If Eddard stark was a 20th level Fighter, he would have literally laughed as the headmans axe failed to kill him after hitting him square in the neck. Not to mention arresting him would have been a fair bit more complicated given the difficulty in keeping high level characters prisoner, particularly if they have allies who are not prisoners. You have to have like some super high security death fortress to keep them contained...maybe.

It is hard to write and tell a good story with high level characters. You are strongly limited with the kinds of stories you can tell. The scale has to be grand, it has to be earth shaking, worldshaping and sort of crazy. Most dms and adventure writers alike really struggle with this. So, less games, which means less experience at high levels, which just exagerates all the other problems. But in the end, I think the most important issue, is it's impact on story.

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Pathfinder Adventure Path Subscriber

Any meta rule (something that isnt an in world thing) that influences player behavior is bad. XP doesnt exist in world, but it does in players minds. In my opinion the game would be better without it entirely, but if you are going to use it, it has to be even. Otherwise it encourages negative behaviors (like anti social anti teamwork) and that literally never ends well.

Pathfinder Adventure Path Subscriber

If the group is using traits, I'd ask the gm to allow the trap finder trait, then you can play whatever class you want and still be the 'trap' guy, at least to a point. I am exceptionally opposed to forcing a player to play a specific class to cover a role, and since the gm is limiting things to core only (which makes it harder) I would ask for a reasonable accomodation to allow the party to have everything covered without forcing someone to play something they dont want to.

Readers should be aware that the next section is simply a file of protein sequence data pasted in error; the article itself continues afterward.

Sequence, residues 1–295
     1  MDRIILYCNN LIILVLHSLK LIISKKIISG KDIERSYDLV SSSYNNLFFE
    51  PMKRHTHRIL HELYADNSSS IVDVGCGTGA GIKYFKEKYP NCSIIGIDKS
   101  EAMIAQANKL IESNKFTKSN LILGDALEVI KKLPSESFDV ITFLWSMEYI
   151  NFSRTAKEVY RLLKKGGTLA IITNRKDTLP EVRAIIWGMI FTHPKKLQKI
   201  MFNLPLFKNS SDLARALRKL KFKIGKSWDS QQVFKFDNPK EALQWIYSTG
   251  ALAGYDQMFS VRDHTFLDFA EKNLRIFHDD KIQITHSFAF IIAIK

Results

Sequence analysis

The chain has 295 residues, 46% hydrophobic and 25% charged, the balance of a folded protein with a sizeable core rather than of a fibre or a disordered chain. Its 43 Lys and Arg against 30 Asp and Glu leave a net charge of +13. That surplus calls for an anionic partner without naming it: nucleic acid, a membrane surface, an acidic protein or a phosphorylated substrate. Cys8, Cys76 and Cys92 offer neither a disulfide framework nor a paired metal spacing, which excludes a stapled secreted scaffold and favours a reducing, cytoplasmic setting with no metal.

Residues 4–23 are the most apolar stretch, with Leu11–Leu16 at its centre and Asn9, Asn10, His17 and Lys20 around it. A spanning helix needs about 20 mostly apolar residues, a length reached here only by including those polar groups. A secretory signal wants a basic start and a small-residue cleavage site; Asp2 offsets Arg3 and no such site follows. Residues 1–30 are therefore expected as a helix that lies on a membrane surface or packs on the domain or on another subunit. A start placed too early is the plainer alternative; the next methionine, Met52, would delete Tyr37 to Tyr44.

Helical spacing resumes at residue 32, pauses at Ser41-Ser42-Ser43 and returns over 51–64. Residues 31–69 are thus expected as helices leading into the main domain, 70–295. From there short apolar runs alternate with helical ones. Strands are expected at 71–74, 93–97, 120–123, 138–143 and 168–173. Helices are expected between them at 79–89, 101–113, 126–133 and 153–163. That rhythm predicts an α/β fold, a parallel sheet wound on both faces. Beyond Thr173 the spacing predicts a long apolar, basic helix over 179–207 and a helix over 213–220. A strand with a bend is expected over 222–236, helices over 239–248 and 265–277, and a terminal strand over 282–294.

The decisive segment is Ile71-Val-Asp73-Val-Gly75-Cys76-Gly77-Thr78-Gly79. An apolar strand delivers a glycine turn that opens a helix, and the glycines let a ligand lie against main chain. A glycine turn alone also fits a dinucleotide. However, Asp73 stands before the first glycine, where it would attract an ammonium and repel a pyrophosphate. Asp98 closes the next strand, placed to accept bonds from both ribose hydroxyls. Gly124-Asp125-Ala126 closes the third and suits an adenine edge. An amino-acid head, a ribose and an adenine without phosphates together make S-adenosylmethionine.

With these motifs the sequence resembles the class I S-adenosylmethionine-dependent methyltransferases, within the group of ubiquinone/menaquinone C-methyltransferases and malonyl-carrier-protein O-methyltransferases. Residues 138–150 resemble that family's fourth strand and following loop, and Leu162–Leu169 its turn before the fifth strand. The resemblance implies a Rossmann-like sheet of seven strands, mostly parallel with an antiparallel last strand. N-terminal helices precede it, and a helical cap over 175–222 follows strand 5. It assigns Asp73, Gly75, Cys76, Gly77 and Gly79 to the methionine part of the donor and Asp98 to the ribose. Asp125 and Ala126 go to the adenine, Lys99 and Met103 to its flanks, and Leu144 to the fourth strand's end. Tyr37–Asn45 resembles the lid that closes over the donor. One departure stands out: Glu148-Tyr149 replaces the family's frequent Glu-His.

Pathfinder Adventure Path Subscriber
Owen KC Stephens wrote:
Kolokotroni wrote:
Oh, and in terms of providing useful feedback, where are your feelings on firearms at the moment.
I'd use Pathfinder firearm rules for now, though if you use AA firearms that should still provide useful info.

Hmmm, ok, I was leaning towards the AA firearms simply because I am not sure how to do modern weapons in the Pathfinder style, and I'd rather not throw houserules into the mix for something as basic as weapons. Things like misfire chance, and attacking touch AC might get a bit complicated when its the default choice of weapon for an Urban fantasy campaign. Does an M-4 really jam every 20 rounds? Does an AK? Should a pistol go through a dragons armor like a hot knife through butter? The ballistic armors from the Bullet point account for the problem with humanoids, but not creatures who have a significant portion of their AC come from natural armor.